SCIE Report 8: Contributing on equal terms: service user involvement and the benefits system
By Michael Turner and Peter Beresford
Published October 2005
With the advent of service user participation in the development of social care services has come the recognition that service users should be paid for the work they do.
Currently, the rules on paying people who are receiving benefits (and many service users do) make payments difficult and sometimes impossible. Service users who want to make a contribution, live in fear of losing their benefits. Even those who are not paid worry that, by taking part in meetings, they might be seen as being fit to work and will lose their benefits.
This report seeks to uncover the difficulties and fears people experience in being paid for their contribution to services and those of the organisations who pay them. By revealing the issues and seeking to have them addressed, it will help in laying the foundations for proper and principled user involvement.
The report is intended for (and requested by) the Government, but will also be interesting for service users who take part in involvement and service providers who work with service users.
Messages from the report
- Most service users and service providers believe that people should be paid to take part in user involvement.
- The rules on paying people who are receiving benefits are making payments difficult and sometimes impossible.
- The rules should allow people to be paid more.
- Some rules are not very clear. For example, some people believe that those receiving Income Support cannot be paid expenses, but others think that they can.
- Service users find dealing to Jobcentre Plus difficult, as do service providers.
- People who are paid are very worried that they will lose their benefits. Those who are not paid worry that, by taking part in meetings, they might be seen as being fit to work and, as a consequence, will lose their benefits.
- There are also issues about whether paying people will mean they become employees and therefore responsible for paying taxes.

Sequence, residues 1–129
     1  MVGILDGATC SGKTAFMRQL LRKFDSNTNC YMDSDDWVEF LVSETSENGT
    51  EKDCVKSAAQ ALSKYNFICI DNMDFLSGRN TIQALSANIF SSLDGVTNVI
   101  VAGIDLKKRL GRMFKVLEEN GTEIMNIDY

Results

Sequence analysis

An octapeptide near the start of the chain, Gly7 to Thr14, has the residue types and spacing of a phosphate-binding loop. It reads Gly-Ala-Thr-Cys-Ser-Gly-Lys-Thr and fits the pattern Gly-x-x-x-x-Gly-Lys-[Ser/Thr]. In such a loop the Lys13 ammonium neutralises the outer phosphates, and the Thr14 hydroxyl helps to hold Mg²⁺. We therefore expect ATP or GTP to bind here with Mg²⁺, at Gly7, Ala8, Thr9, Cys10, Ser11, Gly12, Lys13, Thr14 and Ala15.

- These problems are discouraging people from taking part in user involvement.
- Many service providers are worried about whether they are paying people properly and whether they are breaking the law.
- The problems around paying people who take part in user involvement are connected to those that make it difficult for people to move from benefits into work.
- Service users who wish to be paid should be paid for their involvement and expertise.
- Government should recognise that its commitments to social inclusion, active citizenship and the increased involvement of service users in paid employment are being undermined by the operation of the benefits system. The benefits system urgently needs to be reviewed and changed.
- Getting involved in developing services helps people to gain confidence and skills that can help them to return to employment. This needs to be recognised and encouraged within the benefits system.
- Service users should not be discouraged from getting involved because of the way the benefits system works.
- There needs to be an explicit recognition that taking part in user involvement does not mean that a person is fit for work and will not lead to a review of their benefits.
- The amount that people are paid should be increased and there should be a more flexible system for assessing how much people earn.
- The levels of permitted earnings should be reviewed and revised and should be assessed over a longer period, perhaps one year. Information on permitted earnings needs to be reviewed and clarified.
- Discriminatory rules on earning should be addressed.
- The way in which Jobcentre Plus administers the rules for permitted earnings needs to be reviewed to ensure that they are consistently applied.
- Training needs to be provided to Jobcentre Plus staff to increase their understanding of user involvement.
- The treatment of user involvement under employment law should be reviewed by the relevant government departments.